Torrential rains and widespread power outages accompanied Nigerias third Alternative Power Exhibition, held in Lagos on July 11 to 16.
With a population of 150 million, Nigeria is the third largest economy in Africa. However, at present, the Power Holding Company of Nigerias generation capacity of 3,900 megawatts is a far cry from the 40,000 megawatts the country needs. The result is an erratic power supply that can cause widespread frustration.
In this context, there were no surprises that the opening ceremony of the Alternative Power Exhibition attracted government officials, labor organizations, private sector representatives and hundreds of interested members of the public.
There were ten stands with companies exhibiting their products and services. The exhibitors included Folub Eletrik Servz, Simba Solar, Bhojsons PLC, Emel and Suntech, GoSolar Africa and SME Funds, amongst others.
The organizers, Folub Eletrik Servz in partnership with Lagos State Television, took a holistic approach to alternative power generation. However, there was a strong focus on solar power. The exhibitors attributed this to the availability of sunlight in Nigeria and the scarcity of fuel to run diesel and petrol generators.
A wide range on display
On display were inverters and batteries, solar panels, complete solar generating systems, energy saving bulbs, solar lamps, fans and other equipment. The exhibitors were mainly involved in the import, sales and installation of solar-based power systems, with much of the equipment being sourced from India and China.
Amongst the exhibitors was Simba Solar, which had partnered with the government to install more than 6,500 solar powered streetlights and several boreholes around the country. GoSolar Africa & SME Funds, a non-profit organization, focused on energy efficiency and the reduction of carbon emissions.
They offer energy audit services and help individuals and businesses to be more efficient in their energy usage. They have been involved in community projects including the "Lekki Go Green Project" and the "World Cup Solar Powered Village" in the Ibeju Lekki area of Lagos. The Emel group, with its strategic partner Suntech Power Holdings, was more focused towards the private sector, including direct sales to wholesalers and retailers in the Lagos market.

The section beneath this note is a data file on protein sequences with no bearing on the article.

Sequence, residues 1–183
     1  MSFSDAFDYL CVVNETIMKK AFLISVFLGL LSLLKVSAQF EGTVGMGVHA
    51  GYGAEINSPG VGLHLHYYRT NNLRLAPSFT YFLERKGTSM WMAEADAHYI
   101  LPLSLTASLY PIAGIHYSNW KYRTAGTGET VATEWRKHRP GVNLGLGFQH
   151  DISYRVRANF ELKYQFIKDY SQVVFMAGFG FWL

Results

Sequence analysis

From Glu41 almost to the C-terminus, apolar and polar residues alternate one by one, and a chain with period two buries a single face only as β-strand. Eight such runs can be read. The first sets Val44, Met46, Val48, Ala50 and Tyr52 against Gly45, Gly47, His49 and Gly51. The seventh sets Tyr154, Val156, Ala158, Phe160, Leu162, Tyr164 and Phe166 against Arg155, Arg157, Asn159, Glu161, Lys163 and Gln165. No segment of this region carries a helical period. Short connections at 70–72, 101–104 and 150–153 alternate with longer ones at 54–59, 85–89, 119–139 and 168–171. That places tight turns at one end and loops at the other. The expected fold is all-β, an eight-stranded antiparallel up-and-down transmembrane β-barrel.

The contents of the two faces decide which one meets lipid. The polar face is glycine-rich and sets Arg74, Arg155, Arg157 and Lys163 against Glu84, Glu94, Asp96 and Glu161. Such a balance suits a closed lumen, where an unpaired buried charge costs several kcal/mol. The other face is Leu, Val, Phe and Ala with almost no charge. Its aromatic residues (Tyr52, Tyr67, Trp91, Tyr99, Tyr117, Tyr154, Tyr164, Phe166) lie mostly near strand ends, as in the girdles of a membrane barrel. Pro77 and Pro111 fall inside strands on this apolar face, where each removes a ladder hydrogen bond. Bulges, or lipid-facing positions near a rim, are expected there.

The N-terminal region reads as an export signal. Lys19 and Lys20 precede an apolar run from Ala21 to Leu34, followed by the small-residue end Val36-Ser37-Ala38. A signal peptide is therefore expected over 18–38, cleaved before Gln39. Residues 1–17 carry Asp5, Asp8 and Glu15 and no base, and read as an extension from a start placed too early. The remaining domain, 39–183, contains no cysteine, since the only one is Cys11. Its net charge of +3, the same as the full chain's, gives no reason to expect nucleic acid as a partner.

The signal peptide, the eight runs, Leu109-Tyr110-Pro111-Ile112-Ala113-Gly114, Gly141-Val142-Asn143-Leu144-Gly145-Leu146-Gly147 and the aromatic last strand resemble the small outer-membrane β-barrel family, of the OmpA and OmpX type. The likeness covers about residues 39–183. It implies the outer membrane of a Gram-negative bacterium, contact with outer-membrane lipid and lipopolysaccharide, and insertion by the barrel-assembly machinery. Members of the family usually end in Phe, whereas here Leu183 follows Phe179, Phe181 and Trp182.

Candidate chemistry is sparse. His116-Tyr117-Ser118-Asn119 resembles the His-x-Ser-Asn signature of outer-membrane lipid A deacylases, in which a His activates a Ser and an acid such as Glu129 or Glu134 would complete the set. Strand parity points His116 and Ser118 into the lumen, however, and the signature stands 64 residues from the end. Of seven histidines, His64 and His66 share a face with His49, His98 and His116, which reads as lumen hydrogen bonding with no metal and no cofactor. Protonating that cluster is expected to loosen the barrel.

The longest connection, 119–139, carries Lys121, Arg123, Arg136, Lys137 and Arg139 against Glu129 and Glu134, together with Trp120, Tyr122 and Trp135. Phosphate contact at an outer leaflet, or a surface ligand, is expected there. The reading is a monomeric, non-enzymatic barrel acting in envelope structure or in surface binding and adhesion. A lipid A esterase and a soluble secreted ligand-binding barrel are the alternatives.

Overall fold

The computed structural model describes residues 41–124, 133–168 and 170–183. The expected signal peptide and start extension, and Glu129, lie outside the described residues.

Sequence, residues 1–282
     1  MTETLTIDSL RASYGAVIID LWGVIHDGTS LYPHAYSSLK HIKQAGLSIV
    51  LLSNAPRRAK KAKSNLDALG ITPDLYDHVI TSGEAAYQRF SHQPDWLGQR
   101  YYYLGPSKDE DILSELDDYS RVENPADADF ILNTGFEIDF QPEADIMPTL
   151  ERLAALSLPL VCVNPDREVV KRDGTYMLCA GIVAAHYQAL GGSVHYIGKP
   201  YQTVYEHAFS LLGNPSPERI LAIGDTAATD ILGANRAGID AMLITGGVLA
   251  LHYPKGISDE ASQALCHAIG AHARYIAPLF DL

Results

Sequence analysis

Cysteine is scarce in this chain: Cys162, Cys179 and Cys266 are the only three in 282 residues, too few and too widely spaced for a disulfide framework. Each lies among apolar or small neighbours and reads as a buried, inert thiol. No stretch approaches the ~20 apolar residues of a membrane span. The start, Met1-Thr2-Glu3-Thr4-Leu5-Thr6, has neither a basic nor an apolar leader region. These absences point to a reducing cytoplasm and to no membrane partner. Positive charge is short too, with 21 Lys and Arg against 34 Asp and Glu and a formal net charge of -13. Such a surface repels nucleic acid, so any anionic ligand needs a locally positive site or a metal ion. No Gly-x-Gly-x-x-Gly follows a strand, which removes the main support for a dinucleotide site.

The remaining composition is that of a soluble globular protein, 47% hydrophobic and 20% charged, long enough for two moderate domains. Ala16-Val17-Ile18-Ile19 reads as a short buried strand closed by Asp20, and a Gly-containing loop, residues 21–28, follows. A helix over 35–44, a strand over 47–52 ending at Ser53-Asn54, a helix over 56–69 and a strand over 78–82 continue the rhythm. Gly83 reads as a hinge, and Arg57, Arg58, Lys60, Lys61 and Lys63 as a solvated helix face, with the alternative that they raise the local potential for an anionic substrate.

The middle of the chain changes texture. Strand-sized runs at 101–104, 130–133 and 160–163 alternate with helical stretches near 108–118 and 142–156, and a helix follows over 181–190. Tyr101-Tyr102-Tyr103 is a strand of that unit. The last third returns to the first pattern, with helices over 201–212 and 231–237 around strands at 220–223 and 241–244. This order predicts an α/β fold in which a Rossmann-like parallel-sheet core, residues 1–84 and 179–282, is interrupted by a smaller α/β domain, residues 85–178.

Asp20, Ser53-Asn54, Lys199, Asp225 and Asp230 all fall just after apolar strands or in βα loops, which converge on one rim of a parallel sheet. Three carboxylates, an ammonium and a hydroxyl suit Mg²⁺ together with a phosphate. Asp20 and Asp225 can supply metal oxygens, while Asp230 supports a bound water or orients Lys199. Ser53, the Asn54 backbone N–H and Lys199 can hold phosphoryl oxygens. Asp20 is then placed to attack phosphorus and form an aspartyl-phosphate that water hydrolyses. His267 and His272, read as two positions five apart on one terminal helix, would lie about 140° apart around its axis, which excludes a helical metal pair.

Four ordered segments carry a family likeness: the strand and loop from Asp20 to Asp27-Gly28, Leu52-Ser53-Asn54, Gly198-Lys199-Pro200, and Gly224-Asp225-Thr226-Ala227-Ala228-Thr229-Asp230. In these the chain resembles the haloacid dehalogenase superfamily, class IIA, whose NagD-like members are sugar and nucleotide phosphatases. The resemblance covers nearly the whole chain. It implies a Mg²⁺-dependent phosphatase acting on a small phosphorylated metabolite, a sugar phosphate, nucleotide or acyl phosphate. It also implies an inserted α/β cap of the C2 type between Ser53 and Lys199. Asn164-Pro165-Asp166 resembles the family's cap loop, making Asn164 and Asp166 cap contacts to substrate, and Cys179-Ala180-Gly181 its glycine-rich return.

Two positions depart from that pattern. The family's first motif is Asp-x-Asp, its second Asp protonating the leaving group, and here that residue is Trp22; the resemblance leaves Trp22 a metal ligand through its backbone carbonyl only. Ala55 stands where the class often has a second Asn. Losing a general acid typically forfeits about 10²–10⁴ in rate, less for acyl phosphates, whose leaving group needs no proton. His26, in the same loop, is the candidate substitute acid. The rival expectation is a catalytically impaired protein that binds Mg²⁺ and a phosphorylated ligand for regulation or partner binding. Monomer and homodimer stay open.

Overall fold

Initial costs remain high
Initial setup costs appear the main impediment to the private purchase of solar systems. An average petrol generator costs about 100 euros in Nigeria, compared to the roughly 2,000 euros required for a solar system. However, the exhibitors were effective in convincing participants on the long-term cost-benefits and reduction in environmental pollution solar represents.
They expressed dissatisfaction with government policies, saying that it was guilty of double standards: on one hand, promoting private investors in the power sector and wishing to improve on foreign direct investments, on the other driving up the cost of solar through import duties and taxes.
The company Bhojsons PLC was particularly upbeat about Nigerias alternative energy sector, saying the market is huge and competitors few. Many attending the exhibition reported high levels of interest in alternative energy and the "hands on" product displays were especially effective.
In particular, the Alternative Power Exhibition offered much hope on a week when the heavy rainstorms left thousands of homes without power.?